Lumen Christi Catholic High School, a grades 7-12 ministry of St. Benedict Church in Anchorage, will graduate 13 seniors on May 12. They’ve excelled academically, being offered, collectively, over $1 million in scholarships. But they’ve also achieved out-of-school successes. Whether dancing with a local troupe, running the Iron Dog or obtaining a pilot’s license, they’re actively pursuing their dreams.
Following decades with very few men following a call to become Alaskan priests, the tide is changing — even surging. As with most good things, however, this springtime of vocations comes with a cost — an average of about $325,000 for one man to be fully trained for the priesthood.
St. Therese’s Camp, an independent Catholic summer camp in Wasilla, spans 57 acres of forest, lake and campground facilities. The first summer camp began in 2014 and has been growing steadily ever since. Now in his third year operating the camp, Director Rudy Poglitsh expects attendance this summer to exceed 200 children.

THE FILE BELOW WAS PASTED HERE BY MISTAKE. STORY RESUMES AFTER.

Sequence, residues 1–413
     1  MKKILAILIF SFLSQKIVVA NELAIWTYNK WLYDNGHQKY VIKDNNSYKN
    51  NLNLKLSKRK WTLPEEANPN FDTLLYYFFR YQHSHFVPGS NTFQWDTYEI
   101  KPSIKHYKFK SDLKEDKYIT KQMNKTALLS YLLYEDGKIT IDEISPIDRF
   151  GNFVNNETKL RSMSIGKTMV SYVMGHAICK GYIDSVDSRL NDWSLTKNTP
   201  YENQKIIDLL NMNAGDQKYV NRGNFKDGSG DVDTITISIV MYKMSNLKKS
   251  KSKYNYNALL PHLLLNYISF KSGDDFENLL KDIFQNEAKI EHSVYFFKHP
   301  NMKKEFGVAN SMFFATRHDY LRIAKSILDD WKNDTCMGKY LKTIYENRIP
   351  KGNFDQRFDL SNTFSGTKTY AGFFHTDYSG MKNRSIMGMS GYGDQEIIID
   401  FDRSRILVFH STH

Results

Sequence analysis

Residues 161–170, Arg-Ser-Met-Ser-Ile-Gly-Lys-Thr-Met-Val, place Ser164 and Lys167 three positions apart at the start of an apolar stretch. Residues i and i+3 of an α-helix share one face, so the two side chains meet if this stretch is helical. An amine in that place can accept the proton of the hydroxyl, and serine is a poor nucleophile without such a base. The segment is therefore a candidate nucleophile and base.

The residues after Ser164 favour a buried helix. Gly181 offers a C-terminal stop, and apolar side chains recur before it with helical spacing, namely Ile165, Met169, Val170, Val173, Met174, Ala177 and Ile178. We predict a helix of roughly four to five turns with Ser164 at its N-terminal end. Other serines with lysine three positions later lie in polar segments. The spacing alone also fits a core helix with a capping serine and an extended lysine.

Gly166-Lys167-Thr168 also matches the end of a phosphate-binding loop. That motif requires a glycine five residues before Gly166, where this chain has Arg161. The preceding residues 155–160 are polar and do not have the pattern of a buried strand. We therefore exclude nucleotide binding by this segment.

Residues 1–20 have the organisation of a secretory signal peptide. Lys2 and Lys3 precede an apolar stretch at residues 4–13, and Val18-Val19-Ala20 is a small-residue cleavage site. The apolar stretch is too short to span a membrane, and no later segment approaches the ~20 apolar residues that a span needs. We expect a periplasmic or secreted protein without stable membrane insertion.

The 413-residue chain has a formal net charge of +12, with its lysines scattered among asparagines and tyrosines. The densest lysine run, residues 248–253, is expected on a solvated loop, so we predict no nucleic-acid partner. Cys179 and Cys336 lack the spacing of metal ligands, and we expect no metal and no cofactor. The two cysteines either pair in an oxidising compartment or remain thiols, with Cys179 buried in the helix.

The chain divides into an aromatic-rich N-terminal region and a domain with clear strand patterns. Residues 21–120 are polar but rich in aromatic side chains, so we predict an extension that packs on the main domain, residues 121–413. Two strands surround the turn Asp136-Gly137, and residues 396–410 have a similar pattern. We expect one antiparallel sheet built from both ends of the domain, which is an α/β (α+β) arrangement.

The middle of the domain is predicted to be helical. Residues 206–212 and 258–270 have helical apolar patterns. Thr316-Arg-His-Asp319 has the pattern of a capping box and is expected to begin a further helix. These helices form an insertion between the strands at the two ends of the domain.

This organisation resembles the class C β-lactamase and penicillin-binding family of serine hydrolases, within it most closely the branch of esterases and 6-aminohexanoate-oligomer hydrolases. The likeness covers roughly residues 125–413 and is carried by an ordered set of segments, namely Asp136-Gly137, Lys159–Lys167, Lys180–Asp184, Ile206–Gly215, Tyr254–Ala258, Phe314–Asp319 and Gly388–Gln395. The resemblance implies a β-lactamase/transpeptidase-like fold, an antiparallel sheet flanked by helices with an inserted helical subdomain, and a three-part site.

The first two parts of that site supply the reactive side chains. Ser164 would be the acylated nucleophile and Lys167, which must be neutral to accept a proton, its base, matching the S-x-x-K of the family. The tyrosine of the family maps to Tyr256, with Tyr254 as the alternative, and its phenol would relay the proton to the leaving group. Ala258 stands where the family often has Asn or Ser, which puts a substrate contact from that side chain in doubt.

When it comes to men training for the Catholic priesthood, the Anchorage Archdiocese has what many would consider a good problem. After years of few seminarians training for priesthood, there are now five men in formation with two more on the way. Over the past three years two other men have been ordained as priests. The challenge now is figuring out how to fund the extensive education of this growing group of future clergy.
For the second time in three summers, the Archdiocese of Anchorage will ordain a seminarian to the transitional diaconate which precedes his ordination to the Catholic priesthood. Fifth year seminarian Robert Whitney will receive the sacrament of holy orders on June 3, 7 p.m., at Holy Family Cathedral. The tentative date for his ordination to the priesthood is just over a year later, June 23, 2017.